A collection of some of James White's best short fiction, and of his early fan-writing. The short fiction is great -- most of it I've seen in other collections, but some of it I read here for the first time. Although he's best know for his Sector General stories, the others here demonstrate the range of his skills. I found the fan writing, mostly about early SF conventions, less interesting. But it is well written, and I suspect if you know the people involved, it would be riveting. The notes on Sector General and the classification system are detailed and useful.
James White is best known for his much-loved Sector General series. The stories are set in a vast multi-species space hospital, where various different alien doctors grapple with even more alien patients. And these really are alien (physically, at least): no humanoids with slightly different nose ridges here. We have everything from animated plants, massive high-gravity planet beings, chlorine breathers, water creatures, right through to beings that metabolise hard radiation.
Alien physiology is described by the famous four letter classification system. The first letter indicates the main group. A-C are water breathers -- D-F are warm-blooded oxygen breathers -- G-K are low gravity, insectile oxygen-breathers -- L,M are low gravity, bird-like -- O,P are chlorine breathers -- Q-Z are various exotic cases, including superheated steam breathers, radiation eaters, frigid blooded, crystalline, shape morphers, telepaths... The creatures we meet in the stories include:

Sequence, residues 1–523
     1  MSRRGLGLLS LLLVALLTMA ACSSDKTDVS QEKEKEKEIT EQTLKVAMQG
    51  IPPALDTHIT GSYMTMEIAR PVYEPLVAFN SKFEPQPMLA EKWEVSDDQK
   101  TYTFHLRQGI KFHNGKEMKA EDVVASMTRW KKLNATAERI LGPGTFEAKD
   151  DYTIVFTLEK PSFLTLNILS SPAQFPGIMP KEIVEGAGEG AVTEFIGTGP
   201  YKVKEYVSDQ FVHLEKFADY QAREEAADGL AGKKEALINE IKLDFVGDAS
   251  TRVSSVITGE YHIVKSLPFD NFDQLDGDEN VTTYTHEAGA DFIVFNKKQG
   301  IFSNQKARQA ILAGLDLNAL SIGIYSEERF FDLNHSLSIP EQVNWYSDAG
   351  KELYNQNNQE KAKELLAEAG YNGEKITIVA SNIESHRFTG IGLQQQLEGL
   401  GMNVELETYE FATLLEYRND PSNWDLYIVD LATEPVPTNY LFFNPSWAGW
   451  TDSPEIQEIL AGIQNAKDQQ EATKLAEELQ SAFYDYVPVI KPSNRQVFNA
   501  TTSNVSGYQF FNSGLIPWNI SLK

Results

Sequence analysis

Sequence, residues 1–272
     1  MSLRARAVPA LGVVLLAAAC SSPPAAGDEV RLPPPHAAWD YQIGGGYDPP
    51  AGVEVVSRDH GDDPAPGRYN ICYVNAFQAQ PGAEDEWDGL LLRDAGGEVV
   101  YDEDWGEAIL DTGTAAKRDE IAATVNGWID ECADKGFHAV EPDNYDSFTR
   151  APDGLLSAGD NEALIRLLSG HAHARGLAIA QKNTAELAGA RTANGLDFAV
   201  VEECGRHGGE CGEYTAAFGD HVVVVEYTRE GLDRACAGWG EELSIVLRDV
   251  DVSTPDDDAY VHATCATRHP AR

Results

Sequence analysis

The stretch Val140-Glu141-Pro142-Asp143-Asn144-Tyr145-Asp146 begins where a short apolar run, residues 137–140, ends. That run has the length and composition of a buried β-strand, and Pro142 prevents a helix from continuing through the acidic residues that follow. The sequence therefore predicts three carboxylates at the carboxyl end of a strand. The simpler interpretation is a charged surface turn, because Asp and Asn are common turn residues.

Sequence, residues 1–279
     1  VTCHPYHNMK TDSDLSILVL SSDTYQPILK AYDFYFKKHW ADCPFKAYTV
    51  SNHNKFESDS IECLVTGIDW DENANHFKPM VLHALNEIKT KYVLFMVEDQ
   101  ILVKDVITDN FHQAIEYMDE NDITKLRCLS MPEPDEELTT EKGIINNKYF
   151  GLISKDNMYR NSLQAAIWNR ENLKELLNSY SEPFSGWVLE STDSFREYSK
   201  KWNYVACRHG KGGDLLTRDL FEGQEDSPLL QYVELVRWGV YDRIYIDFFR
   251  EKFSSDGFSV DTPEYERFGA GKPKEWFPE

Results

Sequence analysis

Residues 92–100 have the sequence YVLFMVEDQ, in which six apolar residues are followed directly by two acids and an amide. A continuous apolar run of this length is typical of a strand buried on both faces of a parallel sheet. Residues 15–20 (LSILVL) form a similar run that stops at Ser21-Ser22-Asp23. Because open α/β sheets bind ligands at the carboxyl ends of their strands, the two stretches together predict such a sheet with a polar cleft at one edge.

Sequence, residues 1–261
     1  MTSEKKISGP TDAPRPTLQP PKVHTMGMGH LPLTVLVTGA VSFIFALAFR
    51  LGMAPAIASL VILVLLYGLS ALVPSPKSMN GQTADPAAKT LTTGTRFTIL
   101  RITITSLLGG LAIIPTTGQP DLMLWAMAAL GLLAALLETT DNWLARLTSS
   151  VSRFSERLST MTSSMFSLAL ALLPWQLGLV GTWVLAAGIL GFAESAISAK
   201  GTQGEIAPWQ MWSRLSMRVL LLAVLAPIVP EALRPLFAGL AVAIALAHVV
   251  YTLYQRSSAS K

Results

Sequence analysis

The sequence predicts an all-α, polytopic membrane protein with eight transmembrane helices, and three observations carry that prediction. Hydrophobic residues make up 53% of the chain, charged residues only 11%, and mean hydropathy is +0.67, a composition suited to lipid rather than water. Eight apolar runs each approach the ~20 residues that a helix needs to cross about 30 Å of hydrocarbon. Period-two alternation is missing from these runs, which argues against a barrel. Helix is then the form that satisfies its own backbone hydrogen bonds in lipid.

The medics use 'educator tapes', consisting of the entire knowledge and personality of a local expert, to treat alien species. The more senior the medic, the more tapes they have residing in their head at one time. The simultaneous multiple conflicting points of view can cause them problems, especially at meal times...
Don't expect deep, dark, weird psychological dramas, though. Nor deep characterisation -- nor much different-alien psychology: most of the weirdness comes from the conflicting world-views of the educator tapes. Indeed, I find that Prilicla is the only one who has much distinctive character. But that is not what these stories are about. The message, put over with a light touch, is essentially optimistic, as we see species of every physiological type working together, often grumpily, but never xenophobically. Sector General stories are essentially fun puzzles (although some of the stories of intelligent species trapped by their evolutionary heritage can be poignant): a newly-discovered alien with a peculiar physiology arrives at the hospital, and the doctors have to discover the secret before they accidentally kill their patient whilst trying to cure it.
A recurring scene in the Sector General stories is the staff canteen, where Diagnosticians, living with several alien educator tapes, try to find some kind of food that revolts none of the wildly-diverse species sharing their heads. So eventually we had to have a story about the food.
Gurronsevas, an FGLI Tralthan gourmet master chef, has found a new challenge: improving hospital food. The first half of the book shows him making small improvements to various diets, but also causing various calamities. Eventually, he has to be removed from the hospital for a while, to let things, and people, calm down. O'Mara cunningly assigns him to the First Contact ambulance vessel Rhabwar, on a mission to Wem, where ecological catastrophe has caused civilisation to collapse, but the surviving natives are refusing aid. Naturally, food is the problem and Gurronsevas provides the solution.